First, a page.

While orchids may seem exotic to many who live in colder climes, they are in fact the most diverse flowering plants on the planet, with over 22,000 described species. The family, Orchidaceae, is characterized by two-sided symmetry, a single modified petal and small seeds, and typically anchor themselves in ways uncharacteristic of many other plants. It is this method of anchoring that establishes a relationship between the orchid and the tree.
Orchids can be easily divided by what they choose to anchor upon. Most orchids are epiphytes, meaning that they grow on another plant. They are not parasites, instead pulling their nutrients from the air and sun. Other orchids are lithophytes, meaning that they latch on to rocks, rather than trees.
Plant species that cling to trees but parasitize their host are not considered true epiphytes. While the relationship between orchids and trees is a form of symbiosis, it is not mutualism, where both parties benefit. Instead it is what is known as commensalism, when one party benefits and the other is unaffected.
The epiphyte lifestyle has several advantages over a more ground-based survival. Orchids, which are often found high in tree canopies, are less likely to be consumed or trampled by ground grazers. By opting not to absorb nutrients from the soil, the epiphytic orchid must depend more on the sun, making elevation of particular importance.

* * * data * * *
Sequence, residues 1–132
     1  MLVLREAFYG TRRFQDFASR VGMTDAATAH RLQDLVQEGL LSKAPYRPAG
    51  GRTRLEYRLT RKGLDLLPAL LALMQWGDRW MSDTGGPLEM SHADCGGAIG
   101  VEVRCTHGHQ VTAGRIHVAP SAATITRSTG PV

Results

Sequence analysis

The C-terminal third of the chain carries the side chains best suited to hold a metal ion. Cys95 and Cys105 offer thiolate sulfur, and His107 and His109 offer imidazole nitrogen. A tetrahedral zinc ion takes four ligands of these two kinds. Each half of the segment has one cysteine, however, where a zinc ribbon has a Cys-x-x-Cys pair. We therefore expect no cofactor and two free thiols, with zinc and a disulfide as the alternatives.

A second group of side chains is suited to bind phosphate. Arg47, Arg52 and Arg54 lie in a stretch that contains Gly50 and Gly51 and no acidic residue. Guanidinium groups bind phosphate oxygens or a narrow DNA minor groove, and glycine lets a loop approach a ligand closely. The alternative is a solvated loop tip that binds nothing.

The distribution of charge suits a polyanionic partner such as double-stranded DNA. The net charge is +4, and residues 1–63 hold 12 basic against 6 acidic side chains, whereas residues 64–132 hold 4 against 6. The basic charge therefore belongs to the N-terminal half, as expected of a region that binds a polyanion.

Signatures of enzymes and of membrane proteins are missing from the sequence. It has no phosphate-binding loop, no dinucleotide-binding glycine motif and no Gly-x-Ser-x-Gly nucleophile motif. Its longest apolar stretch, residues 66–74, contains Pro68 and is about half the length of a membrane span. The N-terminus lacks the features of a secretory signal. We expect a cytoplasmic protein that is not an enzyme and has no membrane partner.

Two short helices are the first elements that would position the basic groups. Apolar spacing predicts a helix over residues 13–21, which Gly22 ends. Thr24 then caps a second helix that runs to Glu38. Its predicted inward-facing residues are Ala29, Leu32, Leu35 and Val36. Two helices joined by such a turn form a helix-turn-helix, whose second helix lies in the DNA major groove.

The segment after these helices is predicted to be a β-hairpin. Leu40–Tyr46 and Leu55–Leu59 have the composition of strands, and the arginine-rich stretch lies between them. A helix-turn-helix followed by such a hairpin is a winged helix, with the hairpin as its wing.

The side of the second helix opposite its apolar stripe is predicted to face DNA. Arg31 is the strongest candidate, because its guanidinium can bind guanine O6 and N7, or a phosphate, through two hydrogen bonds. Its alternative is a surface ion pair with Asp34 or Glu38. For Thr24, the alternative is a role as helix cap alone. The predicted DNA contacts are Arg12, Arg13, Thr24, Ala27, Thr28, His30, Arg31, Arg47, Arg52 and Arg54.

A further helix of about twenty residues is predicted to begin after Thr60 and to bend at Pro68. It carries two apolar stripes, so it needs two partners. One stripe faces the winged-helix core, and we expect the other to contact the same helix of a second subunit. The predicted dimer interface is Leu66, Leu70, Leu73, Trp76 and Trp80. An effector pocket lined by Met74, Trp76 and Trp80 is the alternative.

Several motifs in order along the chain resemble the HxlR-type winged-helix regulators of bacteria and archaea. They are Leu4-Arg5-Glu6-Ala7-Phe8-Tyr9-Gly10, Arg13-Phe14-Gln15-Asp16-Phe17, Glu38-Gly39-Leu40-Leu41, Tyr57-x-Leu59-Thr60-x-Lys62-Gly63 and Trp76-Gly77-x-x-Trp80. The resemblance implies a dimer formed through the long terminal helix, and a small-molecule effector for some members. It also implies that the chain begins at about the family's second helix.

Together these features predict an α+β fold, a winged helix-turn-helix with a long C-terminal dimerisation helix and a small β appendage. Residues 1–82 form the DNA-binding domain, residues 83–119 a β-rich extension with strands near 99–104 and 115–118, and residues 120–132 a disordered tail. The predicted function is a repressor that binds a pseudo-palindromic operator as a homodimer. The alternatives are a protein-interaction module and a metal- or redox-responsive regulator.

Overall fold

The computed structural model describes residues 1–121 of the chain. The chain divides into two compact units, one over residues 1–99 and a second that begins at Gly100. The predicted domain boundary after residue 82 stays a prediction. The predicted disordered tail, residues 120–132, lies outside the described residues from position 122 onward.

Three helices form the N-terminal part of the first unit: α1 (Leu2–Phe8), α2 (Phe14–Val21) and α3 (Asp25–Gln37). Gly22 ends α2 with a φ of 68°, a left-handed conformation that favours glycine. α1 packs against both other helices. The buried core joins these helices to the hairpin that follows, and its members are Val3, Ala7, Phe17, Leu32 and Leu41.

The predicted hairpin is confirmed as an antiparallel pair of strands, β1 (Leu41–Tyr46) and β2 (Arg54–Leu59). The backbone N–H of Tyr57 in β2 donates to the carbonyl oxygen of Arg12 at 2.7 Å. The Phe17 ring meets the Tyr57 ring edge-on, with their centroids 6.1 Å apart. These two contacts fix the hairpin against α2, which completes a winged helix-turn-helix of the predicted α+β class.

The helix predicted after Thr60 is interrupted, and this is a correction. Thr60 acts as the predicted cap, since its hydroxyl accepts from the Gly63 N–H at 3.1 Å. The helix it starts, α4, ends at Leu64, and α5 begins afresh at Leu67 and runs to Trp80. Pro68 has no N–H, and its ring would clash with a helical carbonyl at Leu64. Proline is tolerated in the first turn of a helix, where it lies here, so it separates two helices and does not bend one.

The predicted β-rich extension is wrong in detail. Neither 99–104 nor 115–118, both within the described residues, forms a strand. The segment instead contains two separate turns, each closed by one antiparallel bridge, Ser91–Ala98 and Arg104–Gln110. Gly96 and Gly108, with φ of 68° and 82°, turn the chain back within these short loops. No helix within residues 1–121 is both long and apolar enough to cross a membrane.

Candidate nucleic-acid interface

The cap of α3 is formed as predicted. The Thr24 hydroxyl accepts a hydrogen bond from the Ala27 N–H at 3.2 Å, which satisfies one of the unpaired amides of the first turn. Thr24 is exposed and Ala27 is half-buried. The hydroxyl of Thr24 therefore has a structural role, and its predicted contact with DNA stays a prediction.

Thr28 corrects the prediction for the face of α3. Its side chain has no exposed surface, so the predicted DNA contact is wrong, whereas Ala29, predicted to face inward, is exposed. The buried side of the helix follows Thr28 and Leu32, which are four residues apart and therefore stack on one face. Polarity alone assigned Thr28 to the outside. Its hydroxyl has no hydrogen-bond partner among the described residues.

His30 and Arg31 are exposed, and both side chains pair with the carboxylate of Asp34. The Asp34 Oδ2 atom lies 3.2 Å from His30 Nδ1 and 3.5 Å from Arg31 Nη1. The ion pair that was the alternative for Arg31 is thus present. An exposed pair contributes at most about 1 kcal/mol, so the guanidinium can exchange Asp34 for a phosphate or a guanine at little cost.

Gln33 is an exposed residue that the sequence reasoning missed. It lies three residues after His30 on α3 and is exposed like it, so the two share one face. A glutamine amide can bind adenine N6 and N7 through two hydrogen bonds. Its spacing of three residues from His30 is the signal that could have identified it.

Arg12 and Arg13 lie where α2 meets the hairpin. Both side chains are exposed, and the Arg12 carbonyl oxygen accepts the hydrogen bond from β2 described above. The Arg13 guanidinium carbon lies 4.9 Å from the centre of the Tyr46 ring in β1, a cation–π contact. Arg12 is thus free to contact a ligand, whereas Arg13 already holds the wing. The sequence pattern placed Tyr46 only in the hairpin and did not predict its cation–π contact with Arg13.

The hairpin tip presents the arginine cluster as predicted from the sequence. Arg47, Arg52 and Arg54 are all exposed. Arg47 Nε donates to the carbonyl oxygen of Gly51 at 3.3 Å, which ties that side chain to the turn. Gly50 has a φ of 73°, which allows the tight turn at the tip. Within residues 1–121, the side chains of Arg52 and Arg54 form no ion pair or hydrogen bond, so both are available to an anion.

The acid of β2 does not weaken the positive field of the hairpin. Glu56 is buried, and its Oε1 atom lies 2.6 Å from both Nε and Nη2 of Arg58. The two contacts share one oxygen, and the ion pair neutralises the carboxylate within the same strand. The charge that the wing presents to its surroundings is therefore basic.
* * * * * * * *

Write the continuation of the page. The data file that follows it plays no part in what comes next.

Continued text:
In order to maintain their particular lifestyle the orchid has developed a number of adaptations that makes them the perfect epiphytes. Their seeds are typically so small as to be microscopic, meaning that the wind easily carries them, often in vast quantities. This increases the chance of pollination in the higher levels of the canopy. Moreover, orchids excel at pulling moisture from the air. Mist and slight dampness is just as helpful to an orchid as pounding rain.
Those who wish to grow orchids often face a very different challenge from other forms of flower growing. Plants must be frequently misted, but never over-watered. Most importantly, orchid growers must find a way to reproduce the open, airy conditions that orchids and other epiphytes encounter in the wild. This often means growing orchids in a loose wood medium, such as bark chunks.